Next, three score and two weeks:  that’s four hundred thirty-four weeks.  That means that with the forty-nine and the four hundred thirty four, there are four hundred eighty-three years until the Messiah, the Seed, is cut off; until He’s crucified.  And that came to pass exactly – exactly – from the time of the beginning of this Artaxerxes’ pronouncement, commandment to build Jerusalem, to the time that Messiah is cut off, crucified.  There are exactly sixty-nine heptads, sixty-nine sevens; four hundred [eighty-three] years.

Now, there is one heptad left by itself; one over here by itself.  And that pertains to the end time.  That pertains to the Revelation.  Revelation, chapters 4 through 19 is that heptad.  And that brings in the consummation of the age and the millennial kingdom of our Lord.  And in the midst of that heptad, that one week that is divided into two parts: three and-a-half years on this side, three and-a-half years on that side.  Forty-two months [Revelation 13:5], one thousand two hundred sixty days [Revelation12:6], all of those things – time, times, and half a time; all of those figures in the Bible refer to that last heptad.

And that’s Daniel: the meticulous, the meticulous revelation of God to His prophets.  I just wonder sometimes, when I read these prophecies and look at the world today.  We have today a vast, colonial empire, Russia.  What shall come of us?  Every year they lop off more and more of the free world and include it in that vast Russian empire, and it frightens you.  It is terrifying. 

Then I read Daniel who says the kingdoms of the world are first, the golden head, which is Babylon; the silver arms, which are Medo-Persia; the thighs, the brass – the brass kingdom of Greece; and the two great, stern, strong, steel, iron legs, of the East and the Roman Empire.  And there will never be another one, never be another one.  And then I look at Russia and think, "Lord, Lord, what of this?"  "There will never be another one!"

Then I read Ezekiel chapter 38 and 39, and there I read when Russia comes down into the Middle East, we didn’t know why; now we know why.  When Russia comes down into the Middle East to seize those oil fields, Russia will be absolutely destroyed!  It will take seven years to clean up the land from so vast a destruction and holocaust and conflagration.  That’s what God has revealed in His Word.  We’re never to be afraid.

The seventh and the last one is Jonah – Jonah.  God says to Jonah, "You go to Assyria" [Jonah 1:2].  And we can’t understand the terror; the Assyrian was a veritable ogre to the Jew.  He’d wasted and destroyed the people, but God says, "Go preach to them."  And Jonah says in the fourth chapter: "O Lord, was not this my saying, when I was yet in my country?  And therefore I fled to Tarshish: I know that Thou art a gracious God, and merciful, slow to anger, and of great kindness, and repentest Thee of the evil" [Jonah 4:2].  "I do not want to go to those Assyrians to preach the gospel, because if I go You will save them.  They may repent, and You will save them."  But after his experience, which is a type of Christ, he preached with a vengeance.  But they turned, and the king down to the lowly servant, to even the beasts of burden clothed with sackcloth and sat in ashes.  And when God saw them, the Lord had pity and the Lord saved them.  That’s God.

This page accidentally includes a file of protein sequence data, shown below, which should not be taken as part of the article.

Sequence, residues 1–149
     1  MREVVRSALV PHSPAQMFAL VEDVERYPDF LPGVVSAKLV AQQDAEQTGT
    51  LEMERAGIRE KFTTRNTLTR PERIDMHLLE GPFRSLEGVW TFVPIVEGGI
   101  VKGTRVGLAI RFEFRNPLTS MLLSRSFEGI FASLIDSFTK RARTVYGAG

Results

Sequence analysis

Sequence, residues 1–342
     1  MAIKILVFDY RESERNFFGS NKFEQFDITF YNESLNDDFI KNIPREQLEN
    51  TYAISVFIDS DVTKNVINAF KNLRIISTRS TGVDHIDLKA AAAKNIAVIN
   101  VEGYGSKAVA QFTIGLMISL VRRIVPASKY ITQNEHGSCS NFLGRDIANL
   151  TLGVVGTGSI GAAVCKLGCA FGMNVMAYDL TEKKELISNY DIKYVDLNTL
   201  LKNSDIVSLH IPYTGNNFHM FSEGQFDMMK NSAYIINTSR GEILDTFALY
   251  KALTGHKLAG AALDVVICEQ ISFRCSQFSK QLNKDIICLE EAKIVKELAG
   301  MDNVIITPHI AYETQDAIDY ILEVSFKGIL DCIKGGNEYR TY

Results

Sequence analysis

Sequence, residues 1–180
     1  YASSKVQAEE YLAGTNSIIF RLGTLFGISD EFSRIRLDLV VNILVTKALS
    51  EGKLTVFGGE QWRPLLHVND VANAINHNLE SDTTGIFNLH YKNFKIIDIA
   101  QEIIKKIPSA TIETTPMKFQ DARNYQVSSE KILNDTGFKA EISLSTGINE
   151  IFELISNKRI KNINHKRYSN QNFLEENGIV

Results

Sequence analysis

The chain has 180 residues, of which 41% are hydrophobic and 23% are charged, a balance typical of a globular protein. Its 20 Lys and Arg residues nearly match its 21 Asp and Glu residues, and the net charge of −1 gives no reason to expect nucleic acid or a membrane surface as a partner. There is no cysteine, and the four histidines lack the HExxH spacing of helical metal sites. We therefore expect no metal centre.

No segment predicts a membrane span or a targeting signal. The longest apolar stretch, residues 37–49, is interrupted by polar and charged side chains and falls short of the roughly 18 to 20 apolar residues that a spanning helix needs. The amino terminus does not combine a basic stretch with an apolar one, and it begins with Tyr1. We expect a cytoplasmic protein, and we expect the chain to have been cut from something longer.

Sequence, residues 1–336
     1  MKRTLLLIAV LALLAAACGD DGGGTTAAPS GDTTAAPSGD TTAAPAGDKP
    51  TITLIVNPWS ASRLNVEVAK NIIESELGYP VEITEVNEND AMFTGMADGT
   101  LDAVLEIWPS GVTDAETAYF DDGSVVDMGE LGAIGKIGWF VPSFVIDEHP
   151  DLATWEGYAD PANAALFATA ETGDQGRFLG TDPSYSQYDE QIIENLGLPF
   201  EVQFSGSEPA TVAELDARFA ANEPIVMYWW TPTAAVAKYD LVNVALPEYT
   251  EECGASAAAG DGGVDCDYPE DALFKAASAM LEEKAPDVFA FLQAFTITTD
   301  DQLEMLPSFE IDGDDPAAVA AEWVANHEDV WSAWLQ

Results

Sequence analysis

And that’s the greatest and the seventh miracle of the Old Covenant.  God loves the peoples of the world.  There are no people for whom Christ did not die.  There’s no man that lives that’s outside of the circle of the love of our Lord Jesus, and that includes us.  The tenderness of God reached down and saved us.  Oh!  [It] blesses me.

Now may we stand together?  Our Lord in heaven, what a wonder is God’s message of grace, and mercy, and salvation.  Never a nation so wicked, but if it turns, God spares it.  Never a man so vile, but if he looks and asks, looks up to Jesus and asks for help, God helps him.  Never a family so far in apostasy, but that when he turns his face and they come back to Thee, God is merciful.

Like that man with whom I prayed last week; a vile man, but in his prayer, "Lord, thank Thee for reaching down to this lost, dark earth; and most of all, for reaching further down and touching me."

All of us, Lord, are Thy debtors forever.  However we may be sinners, and lost, and wayward, and backslidden, and forgetful, God still in His mercy opens arms of appeal and invitation to us.  O bless Thy name, for the mercies that help us, and seek for us, and forgive us, and save us.  Lord, Lord, that there might be less of our own self and more of Thee, until there’s nothing of us and everything of Thee.

In this moment, when our people pray and we stand before God in intercession, the Lord calls you into His faith and kingdom.  Come, through the waters of the Jordan in baptism, follow after into the fellowship of God’s redeemed, be numbered with us.  In a moment we’re going to sing this song of appeal.  And a family you, a couple you, just one somebody you, down one of these stairways, down one of these aisles, "Here I am, preacher.  I’m on the way.  I’m on the way."

God bless you as you come on the first note of the first stanza.  Our ministers are here, our deacons are here, the Holy Spirit is here.  Welcome. 

And our Lord, thank Thee for the harvest.  In Thy saving name, amen.  While we sing, make it now, come now.